Russian President Vladimir Putin looks at a model of the Tupolev TU-160 bomber, or Blackjack, that was presented to him on his arrival in Olenegorsk, Russia, August 16, 2005. Putin flew in the Tupolev TU-160 bomber on Tuesday and took part in the launch of cruise missiles in the Arctic north, dusting off the military image he cultivated when he first came to power. Picture taken August 16, 2005. (CREDIT : REUTERS/ITAR-TASS/PRESIDENTIAL PRESS SERVICE) – RTXNPML
Russia is in talks with breakaway Somali region, Somaliland, to set up a naval base of at least 1500 men outside Zeila, a city near the border with Djibouti to offer support to warships and submarines patrolling the strategic stretch of coastline.
Reported by Somaliland and other international news outlets, the base is expected to be home to two destroyer sized ships, four frigate class ships, two large submarine pens, two airstrips that can host up to six heavy aircraft and fifteen fighter jets, and other facilities.
However, local media Qaran News said on April 2 that in return, Russia will assist Somaliland in gaining international recognition as a sovereign state through a resolution. It also reported that Russia will ensure security in the breakaway country by training the Somaliland military.
If this happens, then Russia will join the list of powerful countries with bases in the Horn of Africa region which is strategic for so many reasons including proximity to the Middle East and influence over the Gulf of Aden.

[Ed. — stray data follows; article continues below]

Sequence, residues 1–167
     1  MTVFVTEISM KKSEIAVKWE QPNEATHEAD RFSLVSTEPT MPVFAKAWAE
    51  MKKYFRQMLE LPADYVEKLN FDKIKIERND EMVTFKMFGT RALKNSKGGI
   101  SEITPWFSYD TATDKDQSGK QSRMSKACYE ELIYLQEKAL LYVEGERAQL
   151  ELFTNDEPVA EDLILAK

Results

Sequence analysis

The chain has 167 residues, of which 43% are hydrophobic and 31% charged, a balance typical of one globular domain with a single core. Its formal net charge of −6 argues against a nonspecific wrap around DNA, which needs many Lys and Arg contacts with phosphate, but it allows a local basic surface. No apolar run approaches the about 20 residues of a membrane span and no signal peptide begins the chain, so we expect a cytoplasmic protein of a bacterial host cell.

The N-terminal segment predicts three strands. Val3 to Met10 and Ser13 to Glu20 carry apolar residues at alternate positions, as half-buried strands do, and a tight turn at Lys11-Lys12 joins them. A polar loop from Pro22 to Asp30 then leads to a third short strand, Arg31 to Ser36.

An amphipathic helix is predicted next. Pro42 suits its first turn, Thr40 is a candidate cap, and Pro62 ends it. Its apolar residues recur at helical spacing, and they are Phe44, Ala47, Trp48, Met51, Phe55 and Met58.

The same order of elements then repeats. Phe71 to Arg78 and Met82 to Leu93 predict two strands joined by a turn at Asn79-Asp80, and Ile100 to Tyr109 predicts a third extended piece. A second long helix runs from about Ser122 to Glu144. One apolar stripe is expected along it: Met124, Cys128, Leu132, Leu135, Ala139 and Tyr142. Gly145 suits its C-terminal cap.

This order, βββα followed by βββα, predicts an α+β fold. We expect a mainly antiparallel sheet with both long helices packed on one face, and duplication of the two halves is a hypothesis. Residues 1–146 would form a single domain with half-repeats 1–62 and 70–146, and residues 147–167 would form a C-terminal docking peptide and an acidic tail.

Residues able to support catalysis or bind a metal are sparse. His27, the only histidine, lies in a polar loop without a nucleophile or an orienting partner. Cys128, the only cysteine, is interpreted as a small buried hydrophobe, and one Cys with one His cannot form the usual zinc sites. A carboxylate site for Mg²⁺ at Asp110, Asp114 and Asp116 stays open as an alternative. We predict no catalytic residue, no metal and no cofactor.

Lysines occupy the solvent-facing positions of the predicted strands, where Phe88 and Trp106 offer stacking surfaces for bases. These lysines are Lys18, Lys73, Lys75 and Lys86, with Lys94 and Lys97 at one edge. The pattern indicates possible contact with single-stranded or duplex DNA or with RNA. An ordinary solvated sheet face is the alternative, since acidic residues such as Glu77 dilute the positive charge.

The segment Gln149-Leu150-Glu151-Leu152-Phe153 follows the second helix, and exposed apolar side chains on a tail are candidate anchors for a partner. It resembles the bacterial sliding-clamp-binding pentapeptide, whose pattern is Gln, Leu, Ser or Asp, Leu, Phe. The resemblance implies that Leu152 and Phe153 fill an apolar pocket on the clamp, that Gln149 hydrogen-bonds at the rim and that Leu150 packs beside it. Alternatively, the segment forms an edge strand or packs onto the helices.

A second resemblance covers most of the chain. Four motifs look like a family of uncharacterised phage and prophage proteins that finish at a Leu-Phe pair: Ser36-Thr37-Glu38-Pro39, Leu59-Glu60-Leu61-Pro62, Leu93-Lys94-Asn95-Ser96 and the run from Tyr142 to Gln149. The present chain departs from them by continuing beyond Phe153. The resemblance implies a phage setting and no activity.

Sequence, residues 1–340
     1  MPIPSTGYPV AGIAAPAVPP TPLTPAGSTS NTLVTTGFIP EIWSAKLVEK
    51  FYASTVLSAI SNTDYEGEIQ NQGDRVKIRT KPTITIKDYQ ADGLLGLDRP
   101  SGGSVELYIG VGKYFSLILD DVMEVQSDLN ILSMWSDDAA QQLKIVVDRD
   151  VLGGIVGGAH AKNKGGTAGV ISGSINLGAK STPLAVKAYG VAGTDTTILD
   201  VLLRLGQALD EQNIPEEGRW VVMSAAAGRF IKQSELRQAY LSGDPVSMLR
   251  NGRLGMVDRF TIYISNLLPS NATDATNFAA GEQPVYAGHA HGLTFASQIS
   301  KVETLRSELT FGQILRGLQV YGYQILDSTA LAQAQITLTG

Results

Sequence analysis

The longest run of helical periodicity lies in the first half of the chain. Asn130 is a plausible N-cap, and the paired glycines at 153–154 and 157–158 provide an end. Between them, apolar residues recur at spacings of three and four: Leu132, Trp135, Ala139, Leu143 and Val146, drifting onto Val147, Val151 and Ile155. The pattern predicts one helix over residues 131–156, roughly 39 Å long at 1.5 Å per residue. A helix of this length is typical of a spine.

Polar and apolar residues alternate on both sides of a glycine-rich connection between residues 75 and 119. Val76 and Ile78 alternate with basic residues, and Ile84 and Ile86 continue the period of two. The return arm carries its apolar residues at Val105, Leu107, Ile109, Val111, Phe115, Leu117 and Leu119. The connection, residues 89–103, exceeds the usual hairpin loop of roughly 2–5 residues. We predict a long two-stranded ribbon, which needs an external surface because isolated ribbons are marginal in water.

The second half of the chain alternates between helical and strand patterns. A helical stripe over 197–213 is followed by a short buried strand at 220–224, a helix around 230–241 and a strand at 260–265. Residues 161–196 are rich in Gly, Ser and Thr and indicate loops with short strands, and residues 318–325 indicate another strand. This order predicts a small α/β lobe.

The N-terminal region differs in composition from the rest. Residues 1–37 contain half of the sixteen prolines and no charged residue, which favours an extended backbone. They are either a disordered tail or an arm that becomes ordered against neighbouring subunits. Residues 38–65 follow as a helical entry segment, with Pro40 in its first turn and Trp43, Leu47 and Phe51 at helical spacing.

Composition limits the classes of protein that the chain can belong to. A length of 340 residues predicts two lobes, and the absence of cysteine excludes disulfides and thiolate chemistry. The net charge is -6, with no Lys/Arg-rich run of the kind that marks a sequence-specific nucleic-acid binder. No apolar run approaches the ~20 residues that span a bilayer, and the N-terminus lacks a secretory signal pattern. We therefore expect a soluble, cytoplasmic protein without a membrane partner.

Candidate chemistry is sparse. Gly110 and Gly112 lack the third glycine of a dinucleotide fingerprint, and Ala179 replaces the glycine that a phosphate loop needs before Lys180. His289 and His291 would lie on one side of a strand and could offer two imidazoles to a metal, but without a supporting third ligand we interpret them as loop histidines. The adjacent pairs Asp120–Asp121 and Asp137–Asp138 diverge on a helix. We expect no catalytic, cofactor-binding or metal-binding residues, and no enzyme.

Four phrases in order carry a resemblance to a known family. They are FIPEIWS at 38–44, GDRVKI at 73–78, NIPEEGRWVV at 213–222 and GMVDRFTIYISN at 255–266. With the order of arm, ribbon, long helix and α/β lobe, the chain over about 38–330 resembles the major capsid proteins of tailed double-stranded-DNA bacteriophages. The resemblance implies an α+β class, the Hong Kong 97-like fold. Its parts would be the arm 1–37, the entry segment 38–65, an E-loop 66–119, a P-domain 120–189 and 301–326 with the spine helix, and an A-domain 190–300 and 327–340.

The United States, France, Japan and China have military facilities in neighbouring Djibouti while Turkey recently established a facility in Somalia which has strained relations with Somaliland.
Russia has bases in only nine countries including Armenia, Belarus, Georgia, Kazakhstan, Kyrgyzstan, Moldova, Syria, Tajikistan and Vietnam.
Somaliland’s president Muse Bihi Abdi said in March that the United Arab Emirates (UAE) will train Somaliland security forces as part of a deal to establish a military base in the Somaliland port city of Berbera.
Somaliland declared its independence from Somalia on May 18, 1991. The territory had been under pressure to hold talks with Somalia which have so far been futile.
27 years of diplomatic isolation has made it difficult for Somaliland to have access to loans from the World Bank and the International Monetary Fund.